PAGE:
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Making green work for health

Grant number: 22/14274-4
Support Opportunities:Regular Research Grants
Duration: March 01, 2023 - February 29, 2024
Field of knowledge:Applied Social Sciences - Architecture and Town Planning
Convênio/Acordo: Delft University of Technology
Mobility Program: SPRINT - Projetos de pesquisa - Mobilidade
Principal Investigator:Paulo Hilário Nascimento Saldiva
Grantee:Paulo Hilário Nascimento Saldiva
Principal researcher abroad: Victor Munoz Sanz
Institution abroad: Delft University of Technology (TU Delft), Netherlands
Host Institution: Faculdade de Medicina (FM). Universidade de São Paulo (USP). São Paulo , SP, Brazil
Associated researchers: laura janka zires
Associated research grant:19/19433-0 - Pollution is the motor of premature ageing of the kidney, AP.TEM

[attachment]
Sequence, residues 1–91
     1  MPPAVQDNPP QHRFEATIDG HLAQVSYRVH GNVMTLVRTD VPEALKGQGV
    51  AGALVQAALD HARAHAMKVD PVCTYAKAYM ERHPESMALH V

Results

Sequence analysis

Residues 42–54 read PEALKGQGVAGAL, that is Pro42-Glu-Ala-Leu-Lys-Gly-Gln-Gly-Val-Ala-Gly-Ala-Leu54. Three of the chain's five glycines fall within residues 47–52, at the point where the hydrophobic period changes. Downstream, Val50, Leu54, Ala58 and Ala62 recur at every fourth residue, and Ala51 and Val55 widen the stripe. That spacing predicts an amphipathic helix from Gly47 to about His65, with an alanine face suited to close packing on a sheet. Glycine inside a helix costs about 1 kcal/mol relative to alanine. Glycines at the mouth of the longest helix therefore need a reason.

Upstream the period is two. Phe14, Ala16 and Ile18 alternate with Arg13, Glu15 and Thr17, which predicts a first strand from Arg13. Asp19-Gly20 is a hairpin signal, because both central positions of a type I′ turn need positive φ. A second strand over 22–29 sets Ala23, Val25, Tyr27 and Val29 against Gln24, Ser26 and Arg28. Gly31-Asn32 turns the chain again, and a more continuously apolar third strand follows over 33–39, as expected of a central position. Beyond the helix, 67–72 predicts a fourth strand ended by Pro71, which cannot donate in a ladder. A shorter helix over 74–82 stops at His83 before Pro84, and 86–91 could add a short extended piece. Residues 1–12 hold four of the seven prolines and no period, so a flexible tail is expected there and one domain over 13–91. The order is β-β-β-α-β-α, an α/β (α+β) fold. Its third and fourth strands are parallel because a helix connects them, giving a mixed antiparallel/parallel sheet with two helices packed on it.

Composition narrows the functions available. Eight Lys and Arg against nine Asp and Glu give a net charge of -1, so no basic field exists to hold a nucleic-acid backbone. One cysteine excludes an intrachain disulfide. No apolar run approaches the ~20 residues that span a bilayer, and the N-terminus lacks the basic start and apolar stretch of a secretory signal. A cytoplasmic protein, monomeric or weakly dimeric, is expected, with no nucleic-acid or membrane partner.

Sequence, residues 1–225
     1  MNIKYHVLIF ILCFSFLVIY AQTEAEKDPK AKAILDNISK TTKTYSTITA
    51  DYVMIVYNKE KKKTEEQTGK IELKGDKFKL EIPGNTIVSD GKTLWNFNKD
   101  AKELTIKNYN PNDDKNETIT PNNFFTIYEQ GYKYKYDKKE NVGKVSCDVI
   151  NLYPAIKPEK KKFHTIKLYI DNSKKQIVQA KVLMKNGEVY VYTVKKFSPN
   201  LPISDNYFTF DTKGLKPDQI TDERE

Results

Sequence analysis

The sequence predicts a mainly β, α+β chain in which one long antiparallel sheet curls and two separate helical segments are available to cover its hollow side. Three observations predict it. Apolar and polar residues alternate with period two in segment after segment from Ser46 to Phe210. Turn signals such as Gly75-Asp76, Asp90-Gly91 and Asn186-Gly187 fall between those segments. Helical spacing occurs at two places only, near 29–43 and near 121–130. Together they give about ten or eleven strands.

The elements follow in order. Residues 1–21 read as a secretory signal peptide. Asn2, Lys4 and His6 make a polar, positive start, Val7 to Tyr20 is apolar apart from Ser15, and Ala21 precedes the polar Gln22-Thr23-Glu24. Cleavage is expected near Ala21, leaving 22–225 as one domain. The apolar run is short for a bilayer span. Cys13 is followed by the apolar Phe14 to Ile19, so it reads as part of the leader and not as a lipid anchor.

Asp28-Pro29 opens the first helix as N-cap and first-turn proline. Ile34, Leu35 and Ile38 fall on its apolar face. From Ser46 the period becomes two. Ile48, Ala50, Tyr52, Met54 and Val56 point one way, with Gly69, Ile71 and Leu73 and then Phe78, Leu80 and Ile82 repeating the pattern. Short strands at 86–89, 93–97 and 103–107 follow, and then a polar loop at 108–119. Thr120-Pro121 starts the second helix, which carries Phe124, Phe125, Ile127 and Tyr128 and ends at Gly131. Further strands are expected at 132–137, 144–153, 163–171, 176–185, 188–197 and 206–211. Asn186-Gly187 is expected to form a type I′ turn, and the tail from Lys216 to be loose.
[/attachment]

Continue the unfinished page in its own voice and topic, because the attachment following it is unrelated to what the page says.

Cities are embracing greening initiatives to mitigate climate change. Planting trees is popular due to their capacity for carbon sequestration and for improving human health. Certainly, trees remove air pollutants and particulate matter, lower the heat island, promote an active lifestyle, and reduce depression. Planting trees isn't sufficient to support human health: urban trees need to be healthy too. There is a significant interdependence between the deterioration of urban environments (expressed either in terms of climate and air pollution) and the health of urban trees. Up to a point that it is possible to link adverse adverse effects to human health to markers of pollution accumulation and physiologic stress in trees. Environmental quality issues, in addition to being a health issue, are related to people's fundamental rights. The correlation of negative health effects with urban poor, urban degradation and lack of access to green spaces is known but ineffectively addressed by public policy.Little is known about how to formalize and measure the impact of innovative multi-actor experimentation in urban greening projects: experiments that transfer power to local actors, and build capacities in shared design, management, and care. Such new economies of green care can help tackle inequalities and ensure a just green transition. The cost of inaction is that millions of urban jobs, and the health of many, relying on well-functioning ecosystems will be under threat. The aim of this research exchange is to identify the criteria and methodology central to amplifying the concept of a new generation of successful greening projects grounded on local economies of green care. These criteria can be used to identify "next" practices, based on "best" practices, and to monitor the effectiveness of existing policies and possible adjustments, which can improve municipal governance outcomes. By originally combining local practice and multidisciplinary knowledge, this exchange initiative can help to trace creative possibilities for positive intersections, and think about new socio ecological values and shared governance approaches. (AU)

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